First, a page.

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Kitluca posted:
I have had diabetes since about 2001. There are some medications I've been taking, but mostly I completely ignore all else that comes with this disease. I have paid no attention to my diet and do not exercise, I don't test my sugars, and do not take the insulin prescribed to me. I have just not worried about the consequences of my actions.

Is there anyone out there who can relate to this? If so, how did you get out of this mindset and where do I begin?

Thanks for listening ~
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davedsel responded:
Hello and welcome.

I fully understand as I struggle with similar issues each day. I also was diagnosed in 2001. I must admit that I have been relying more on the bandage of medication than lifestyle change.

The choice is yours (and mine). Continue on the path you have chosen to travel and suffer the known complications and an early death, or change your lifestyle and improve your health. Increase your activity, follow a healthy diet and take your medications for now, or suffer the inevitable consequences.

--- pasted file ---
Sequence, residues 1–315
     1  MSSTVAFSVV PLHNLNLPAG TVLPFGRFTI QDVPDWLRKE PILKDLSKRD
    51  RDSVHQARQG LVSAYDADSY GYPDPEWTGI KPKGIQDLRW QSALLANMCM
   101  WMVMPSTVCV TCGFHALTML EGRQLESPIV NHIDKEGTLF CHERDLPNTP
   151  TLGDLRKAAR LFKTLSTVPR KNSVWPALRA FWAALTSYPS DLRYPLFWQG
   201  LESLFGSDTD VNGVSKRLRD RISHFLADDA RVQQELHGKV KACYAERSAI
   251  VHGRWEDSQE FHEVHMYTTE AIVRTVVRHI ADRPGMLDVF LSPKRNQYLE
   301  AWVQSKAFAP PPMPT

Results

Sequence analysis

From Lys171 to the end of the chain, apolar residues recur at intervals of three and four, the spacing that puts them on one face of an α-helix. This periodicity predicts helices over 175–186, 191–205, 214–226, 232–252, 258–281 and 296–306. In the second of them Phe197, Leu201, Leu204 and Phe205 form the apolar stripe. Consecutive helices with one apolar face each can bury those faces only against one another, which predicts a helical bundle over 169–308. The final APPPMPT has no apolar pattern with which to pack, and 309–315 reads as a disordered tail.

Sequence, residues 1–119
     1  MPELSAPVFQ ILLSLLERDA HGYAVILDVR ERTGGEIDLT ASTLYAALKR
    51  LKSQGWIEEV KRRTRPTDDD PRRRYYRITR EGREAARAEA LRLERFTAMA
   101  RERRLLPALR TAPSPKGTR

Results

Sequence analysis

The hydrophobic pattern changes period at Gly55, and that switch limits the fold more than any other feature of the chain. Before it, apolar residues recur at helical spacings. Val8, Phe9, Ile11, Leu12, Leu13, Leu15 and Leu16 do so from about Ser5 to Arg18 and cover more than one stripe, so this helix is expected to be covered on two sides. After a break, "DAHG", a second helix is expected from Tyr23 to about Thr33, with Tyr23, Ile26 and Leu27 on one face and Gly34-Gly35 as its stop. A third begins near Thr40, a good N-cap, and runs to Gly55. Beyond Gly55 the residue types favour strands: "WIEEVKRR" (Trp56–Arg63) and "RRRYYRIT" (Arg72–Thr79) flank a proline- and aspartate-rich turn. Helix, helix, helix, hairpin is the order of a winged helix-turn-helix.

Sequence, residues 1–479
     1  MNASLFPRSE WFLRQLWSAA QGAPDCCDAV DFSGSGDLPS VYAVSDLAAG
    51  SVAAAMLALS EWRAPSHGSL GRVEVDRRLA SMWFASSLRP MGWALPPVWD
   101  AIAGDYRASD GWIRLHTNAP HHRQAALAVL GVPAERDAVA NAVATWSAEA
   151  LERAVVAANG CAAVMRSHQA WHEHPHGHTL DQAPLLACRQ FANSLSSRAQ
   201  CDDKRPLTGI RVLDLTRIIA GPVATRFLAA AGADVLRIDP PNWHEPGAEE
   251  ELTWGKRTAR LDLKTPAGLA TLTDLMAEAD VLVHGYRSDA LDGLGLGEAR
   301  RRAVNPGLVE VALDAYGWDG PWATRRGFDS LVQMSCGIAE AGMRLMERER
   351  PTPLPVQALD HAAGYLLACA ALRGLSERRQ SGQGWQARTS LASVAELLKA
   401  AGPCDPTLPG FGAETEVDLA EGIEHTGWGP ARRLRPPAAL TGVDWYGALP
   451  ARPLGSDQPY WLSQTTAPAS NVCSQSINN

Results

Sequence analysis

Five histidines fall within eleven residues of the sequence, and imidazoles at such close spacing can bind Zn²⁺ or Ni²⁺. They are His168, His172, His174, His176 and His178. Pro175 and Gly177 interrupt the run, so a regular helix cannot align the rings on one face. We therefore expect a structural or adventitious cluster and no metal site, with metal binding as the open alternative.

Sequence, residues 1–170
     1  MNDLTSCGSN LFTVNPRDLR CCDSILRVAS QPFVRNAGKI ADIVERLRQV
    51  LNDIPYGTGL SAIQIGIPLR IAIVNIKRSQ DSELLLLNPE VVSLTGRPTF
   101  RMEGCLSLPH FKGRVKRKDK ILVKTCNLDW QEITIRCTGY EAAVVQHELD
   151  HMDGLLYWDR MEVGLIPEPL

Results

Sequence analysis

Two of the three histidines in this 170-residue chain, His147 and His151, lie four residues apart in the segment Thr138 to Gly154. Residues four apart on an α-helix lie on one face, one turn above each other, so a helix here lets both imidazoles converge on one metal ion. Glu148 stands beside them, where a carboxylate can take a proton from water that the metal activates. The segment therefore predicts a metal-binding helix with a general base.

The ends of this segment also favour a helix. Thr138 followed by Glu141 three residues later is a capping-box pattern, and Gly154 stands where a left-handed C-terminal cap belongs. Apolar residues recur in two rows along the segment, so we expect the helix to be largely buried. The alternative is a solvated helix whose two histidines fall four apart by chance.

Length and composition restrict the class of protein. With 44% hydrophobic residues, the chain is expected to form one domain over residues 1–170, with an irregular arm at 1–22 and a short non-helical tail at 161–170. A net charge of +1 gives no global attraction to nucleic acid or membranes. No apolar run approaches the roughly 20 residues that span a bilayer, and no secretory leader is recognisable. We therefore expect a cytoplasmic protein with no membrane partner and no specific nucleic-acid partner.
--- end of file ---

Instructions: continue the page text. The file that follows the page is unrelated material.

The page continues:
It is is simple as that. The old "just do it" commercial applies to those of us with diabetes. You and I must make that choice each day.

I pray you get motivated and can change your lifestyle.
Click on my username or avatar picture to read my story.

Blessings,

-Dave
 
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auriga1 responded:
Kitluca, welcome. I wish I could relate because I can feel your pain.

I was diagnosed in '07 with "uncontrolled diabetes." My A1C was 13.2. Needless to say, everyone was shocked, most of all me. I had no symptoms whatsoever. I was underweight. Thought I always ate healthy. Exercised five days a week. Yep, total shock set in.

My mother had diabetes, insulin dependent. Unbeknownst to me, I had no idea she did not have control. No control for years. She either had her head buried in the sand and/or was lying to her doctor about her sugars.

Talk to a professional. This is not good for you. I mention my mother and she didn't fight. Her kidneys failed and she was put on dialysis three days a week, four hours at a time. She never exercised or did physical activity to help her numbers. Her blood circulation started to go bad. The amputations started. All of us kids were besides ourselves. What was happening to our mother?

Dialysis can only be done for so many years before the body just gives up. She passed away from diabetic complications. If she took care of herself, it would not have happened. I still get angry thinking about it.

My own diagnosis had my head reeling, thinking of what my mother went through. I am also insulin-dependent. Heredity. My first thought was that I was going to do everything in my control not to go down the road my mom did. It's not necessary to put yourself in pain and everyone around you.